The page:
There is one other important question that we need to face up to: how much damage we have done to our own soft power. George Kennan’s famous “Long Telegram”, written from Moscow in 1946, set out the basis for US and western containment of the Soviet threat as the Cold War set in. Towards the end of his telegram, Kennan makes two crucial and sometimes forgotten points. The first is about the necessity to “formulate and put forward for other nations a much more positive and constructive picture of [the] sort of world we would like to see than we have put forward in the past.” The second is about the imperative of attending to the “health and vigor of our own society. World communism is like [a] diseased parasite which feeds only on diseased tissue. This is [the] point at which domestic and foreign policies meet.”

Why does Russian propaganda work even when it is manifestly dishonest? Why has Russia had such success in framing a neo-imperial war as a war against western imperialism? Why are the US and the west so mistrusted in so much of the world? What happened to our own confidence and trust in democratic values and institutions?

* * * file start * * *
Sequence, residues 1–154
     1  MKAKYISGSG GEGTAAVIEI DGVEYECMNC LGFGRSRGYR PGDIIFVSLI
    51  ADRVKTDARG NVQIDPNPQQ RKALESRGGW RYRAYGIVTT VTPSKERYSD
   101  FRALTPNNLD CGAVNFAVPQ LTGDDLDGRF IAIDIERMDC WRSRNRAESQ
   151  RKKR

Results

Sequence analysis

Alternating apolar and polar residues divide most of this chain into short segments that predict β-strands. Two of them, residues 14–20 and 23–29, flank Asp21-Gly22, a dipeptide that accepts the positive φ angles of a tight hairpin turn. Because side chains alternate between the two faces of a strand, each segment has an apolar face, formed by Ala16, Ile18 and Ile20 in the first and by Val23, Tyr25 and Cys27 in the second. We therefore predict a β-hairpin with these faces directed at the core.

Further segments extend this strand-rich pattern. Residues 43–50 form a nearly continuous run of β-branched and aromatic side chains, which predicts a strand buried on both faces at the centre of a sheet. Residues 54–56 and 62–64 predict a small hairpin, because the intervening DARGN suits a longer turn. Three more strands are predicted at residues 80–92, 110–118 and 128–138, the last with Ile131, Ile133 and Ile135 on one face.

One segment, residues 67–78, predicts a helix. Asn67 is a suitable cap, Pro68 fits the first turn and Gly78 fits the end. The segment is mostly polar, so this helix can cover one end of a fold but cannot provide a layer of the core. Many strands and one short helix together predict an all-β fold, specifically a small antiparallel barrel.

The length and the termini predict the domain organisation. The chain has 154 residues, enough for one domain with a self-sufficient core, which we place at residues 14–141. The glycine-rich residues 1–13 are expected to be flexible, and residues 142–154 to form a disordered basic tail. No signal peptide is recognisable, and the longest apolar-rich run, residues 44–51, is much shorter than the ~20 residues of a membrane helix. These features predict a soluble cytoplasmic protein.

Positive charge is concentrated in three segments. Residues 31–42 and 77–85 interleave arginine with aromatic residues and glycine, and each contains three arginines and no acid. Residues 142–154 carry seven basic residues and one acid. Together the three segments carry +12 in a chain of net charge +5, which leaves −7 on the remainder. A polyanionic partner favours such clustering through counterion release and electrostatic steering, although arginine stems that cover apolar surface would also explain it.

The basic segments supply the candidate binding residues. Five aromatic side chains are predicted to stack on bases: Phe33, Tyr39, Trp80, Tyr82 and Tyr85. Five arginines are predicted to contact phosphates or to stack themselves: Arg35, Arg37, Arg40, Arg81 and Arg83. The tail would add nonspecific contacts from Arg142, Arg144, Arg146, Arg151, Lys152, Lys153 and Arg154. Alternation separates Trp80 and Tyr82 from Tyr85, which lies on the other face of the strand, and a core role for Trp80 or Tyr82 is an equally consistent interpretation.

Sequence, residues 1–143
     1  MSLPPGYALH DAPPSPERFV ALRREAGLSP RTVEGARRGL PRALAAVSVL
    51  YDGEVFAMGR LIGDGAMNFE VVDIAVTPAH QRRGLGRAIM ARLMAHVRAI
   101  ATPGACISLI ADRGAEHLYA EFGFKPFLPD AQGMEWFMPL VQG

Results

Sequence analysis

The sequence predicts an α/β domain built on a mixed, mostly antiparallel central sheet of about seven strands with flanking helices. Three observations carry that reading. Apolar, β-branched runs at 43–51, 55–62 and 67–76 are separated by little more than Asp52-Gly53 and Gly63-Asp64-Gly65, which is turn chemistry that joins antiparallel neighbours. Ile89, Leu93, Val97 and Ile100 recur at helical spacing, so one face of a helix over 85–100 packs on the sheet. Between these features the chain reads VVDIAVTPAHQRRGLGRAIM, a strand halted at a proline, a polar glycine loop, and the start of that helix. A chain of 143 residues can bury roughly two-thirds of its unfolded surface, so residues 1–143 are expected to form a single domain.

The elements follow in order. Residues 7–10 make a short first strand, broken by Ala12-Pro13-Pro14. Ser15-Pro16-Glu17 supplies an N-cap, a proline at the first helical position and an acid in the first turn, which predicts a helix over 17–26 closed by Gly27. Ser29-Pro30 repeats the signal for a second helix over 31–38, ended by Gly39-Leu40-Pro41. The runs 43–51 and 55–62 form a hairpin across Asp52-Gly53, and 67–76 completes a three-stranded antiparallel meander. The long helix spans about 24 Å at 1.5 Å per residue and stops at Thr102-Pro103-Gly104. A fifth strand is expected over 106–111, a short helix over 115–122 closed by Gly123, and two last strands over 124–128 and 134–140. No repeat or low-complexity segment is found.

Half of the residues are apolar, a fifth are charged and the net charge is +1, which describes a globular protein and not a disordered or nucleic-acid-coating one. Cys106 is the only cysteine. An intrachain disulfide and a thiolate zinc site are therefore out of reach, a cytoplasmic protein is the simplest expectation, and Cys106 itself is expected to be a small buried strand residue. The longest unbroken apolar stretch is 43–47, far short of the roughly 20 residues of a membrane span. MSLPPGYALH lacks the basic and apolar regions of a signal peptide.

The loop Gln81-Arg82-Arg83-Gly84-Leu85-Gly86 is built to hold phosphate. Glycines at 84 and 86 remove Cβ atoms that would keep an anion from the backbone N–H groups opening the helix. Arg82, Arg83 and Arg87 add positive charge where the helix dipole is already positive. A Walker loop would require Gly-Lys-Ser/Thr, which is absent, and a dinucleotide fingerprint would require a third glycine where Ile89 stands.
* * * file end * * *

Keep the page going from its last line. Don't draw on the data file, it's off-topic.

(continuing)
This is not only about Russia: it is about how we keep the peace in a rapidly changing world

What are we to do? Above all, we must not lose sight of how big the challenge is to our security and our values. The problem will not solve itself, and because we will be dealing with a Russia that may be violent and revanchist for a generation, it will compete for attention and resources with other big, intractable challenges for the foreseeable future. Do we have the clarity of thinking and resolve to rise to the challenge for as long as it takes?

We should set out, plainly and patiently, what we want in our relations with Russia. We should not flinch from talking about what would need to happen for Russia and Russians to enjoy a different sort of relationship with the west. We should be prepared to be generous but principled.

We should not wait for a democratic Russia to think about change—it is a long way off. We should think through how we would deal with the more likely scenario: one in which a post-Putin regime wants to de-escalate the war and the confrontation with the west to focus on internal stability.